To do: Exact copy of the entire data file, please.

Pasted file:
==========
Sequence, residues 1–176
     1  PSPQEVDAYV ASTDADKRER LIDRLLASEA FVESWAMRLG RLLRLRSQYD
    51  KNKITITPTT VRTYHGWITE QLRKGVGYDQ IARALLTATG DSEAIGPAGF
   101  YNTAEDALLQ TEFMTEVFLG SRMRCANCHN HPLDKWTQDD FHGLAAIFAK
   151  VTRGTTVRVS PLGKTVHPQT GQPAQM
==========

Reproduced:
Sequence, residues 1–176
     1  PSPQEVDAYV ASTDADKRER LIDRLLASEA FVESWAMRLG RLLRLRSQYD
    51  KNKITITPTT VRTYHGWITE QLRKGVGYDQ IARALLTATG DSEAIGPAGF
   101  YNTAEDALLQ TEFMTEVFLG SRMRCANCHN HPLDKWTQDD FHGLAAIFAK
   151  VTRGTTVRVS PLGKTVHPQT GQPAQM